Mailinglist Archive: opensuse (1420 mails)

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Re: [opensuse] apache log full of wpad.dat
  • From: Aneurin Price <aneurin.price@xxxxxxxxx>
  • Date: Tue, 21 Jan 2014 19:59:23 +0000
  • Message-id: <>
On 20 January 2014 00:24, Patrick Shanahan <paka@xxxxxxxxxxxx> wrote:
* Bernhard Voelker <mail@xxxxxxxxxxxxxxxxxxx> [01-19-14 18:41]:
On 01/19/2014 10:42 PM, Patrick Shanahan wrote:
* Patrick Shanahan <paka@xxxxxxxxxxxx> [01-19-14 16:23]:

ps: from the win machines, ping wpad
resolves to my wpad.<my-ip>

which is undoubtedly why I see wpad.dat in my web server logs.

This is really strange.
Anyway, you can tell your browser to not use the "wpad" mechanism:
e.g. in the connection settings in Firefox, choose "No proxy".

I have had this set for a long time :^)

.. but it would be interesting why these hosts get your web server's
IP when resolving "wpad". Do you have an unusual DNS server (or cache)?
If "nslookup wpad" returns your IP, then it's the DNS. Else it's an
issue on the Win7 & Win8 box. I'd guess the former.

from the openSUSE boxes:

wahoo:~/mail > nslookup wpad

Non-authoritative answer:
*** Can't find wpad: No answer

from the win boxes:

$ nslookup wpad
Non-authoritative answer:


On your openSUSE machine you do not have 'domain' or
'search' in /etc/resolv.conf, so a DNS lookup for
'wpad' simply returns NXDOMAIN.

Your Windows machine has the functional equivalent of 'domain', probably configured by your DHCP server, unless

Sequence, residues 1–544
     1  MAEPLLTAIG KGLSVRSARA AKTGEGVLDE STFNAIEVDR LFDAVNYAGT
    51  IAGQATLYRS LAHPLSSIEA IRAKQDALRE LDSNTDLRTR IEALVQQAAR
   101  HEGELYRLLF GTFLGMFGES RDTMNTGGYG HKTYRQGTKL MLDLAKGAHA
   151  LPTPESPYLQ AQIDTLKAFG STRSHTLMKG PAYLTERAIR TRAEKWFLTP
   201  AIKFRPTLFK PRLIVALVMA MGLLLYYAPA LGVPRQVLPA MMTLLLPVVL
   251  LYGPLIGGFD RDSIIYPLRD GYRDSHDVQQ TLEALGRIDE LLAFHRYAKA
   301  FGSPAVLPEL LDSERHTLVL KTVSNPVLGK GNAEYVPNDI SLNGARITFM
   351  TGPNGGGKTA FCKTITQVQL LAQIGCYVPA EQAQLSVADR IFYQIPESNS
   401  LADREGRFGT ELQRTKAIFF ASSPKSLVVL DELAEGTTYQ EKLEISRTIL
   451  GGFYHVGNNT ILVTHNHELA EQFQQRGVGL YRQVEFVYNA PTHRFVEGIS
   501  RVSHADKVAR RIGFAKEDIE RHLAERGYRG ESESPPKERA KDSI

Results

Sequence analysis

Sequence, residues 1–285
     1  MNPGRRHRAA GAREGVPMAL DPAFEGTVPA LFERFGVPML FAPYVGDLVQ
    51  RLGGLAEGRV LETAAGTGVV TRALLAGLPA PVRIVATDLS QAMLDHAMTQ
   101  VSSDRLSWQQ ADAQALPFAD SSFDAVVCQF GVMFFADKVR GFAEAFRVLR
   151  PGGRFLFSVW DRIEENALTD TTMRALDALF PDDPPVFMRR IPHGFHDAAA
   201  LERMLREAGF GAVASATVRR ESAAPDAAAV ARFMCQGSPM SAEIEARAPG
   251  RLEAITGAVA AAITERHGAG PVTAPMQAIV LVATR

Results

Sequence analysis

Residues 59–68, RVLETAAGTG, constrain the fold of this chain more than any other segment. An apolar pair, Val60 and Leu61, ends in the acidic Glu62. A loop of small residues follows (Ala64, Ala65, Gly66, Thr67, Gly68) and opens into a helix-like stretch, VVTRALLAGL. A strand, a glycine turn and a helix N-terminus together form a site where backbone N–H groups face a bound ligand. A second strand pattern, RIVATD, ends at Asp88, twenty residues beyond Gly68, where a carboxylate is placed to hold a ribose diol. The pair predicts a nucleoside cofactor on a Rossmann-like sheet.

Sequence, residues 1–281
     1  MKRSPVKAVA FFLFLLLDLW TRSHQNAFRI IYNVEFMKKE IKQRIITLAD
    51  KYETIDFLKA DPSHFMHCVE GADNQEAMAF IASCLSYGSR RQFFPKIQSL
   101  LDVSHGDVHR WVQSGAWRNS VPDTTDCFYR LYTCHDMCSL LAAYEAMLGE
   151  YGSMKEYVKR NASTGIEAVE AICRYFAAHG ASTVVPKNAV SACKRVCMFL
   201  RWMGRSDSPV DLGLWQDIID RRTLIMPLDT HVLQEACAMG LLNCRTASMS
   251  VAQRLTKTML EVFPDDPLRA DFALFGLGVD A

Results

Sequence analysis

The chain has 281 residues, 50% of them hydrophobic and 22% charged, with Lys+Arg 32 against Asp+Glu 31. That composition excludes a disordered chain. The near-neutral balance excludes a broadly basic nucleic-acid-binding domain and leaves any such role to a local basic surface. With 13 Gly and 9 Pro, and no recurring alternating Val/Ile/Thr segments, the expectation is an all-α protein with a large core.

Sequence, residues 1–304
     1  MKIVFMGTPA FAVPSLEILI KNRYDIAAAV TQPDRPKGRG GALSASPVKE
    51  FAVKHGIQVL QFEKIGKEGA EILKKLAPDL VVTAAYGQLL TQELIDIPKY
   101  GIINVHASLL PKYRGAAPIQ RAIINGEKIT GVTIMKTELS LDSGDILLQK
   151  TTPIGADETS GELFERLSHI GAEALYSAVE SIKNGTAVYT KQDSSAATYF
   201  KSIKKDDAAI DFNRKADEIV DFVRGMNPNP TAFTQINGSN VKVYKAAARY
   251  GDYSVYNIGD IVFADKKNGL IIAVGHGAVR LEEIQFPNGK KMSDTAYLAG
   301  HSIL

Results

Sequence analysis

you've configured the network interface manually. It therefore appends
'' to 'wpad' to get a fully qualified domain name, and
looks up ''. You have a wildcard domain record set
up such that '' resolves to

In short, everything is behaving correctly and as expected.

Your options are:
1) Add an entry to Windows' hosts file, as you've discovered.
2) Remove the wildcard DNS record and replace it with explicit records
for those names that you actually want to resolve.
3) Configure Windows not to append the primary DNS suffix when looking
up an unqualified name. I'm not entirely certain it's possible to do
this, although you could probably set it to something intentionally
invalid so that all unqualified lookups fail.
3a) (In the same vein as setting it to something intentionally
invalid) Configure your DHCP server not to inform the client what its
DNS suffix should be. Probably not what you want.
4) Take a look here:
- in particular I'd suggest trying one-by-one the steps listed by
Arthur_Li in that thread.

Personally I'd probably go with option 2, as wildcard DNS records can
cause any number of surprises like this.
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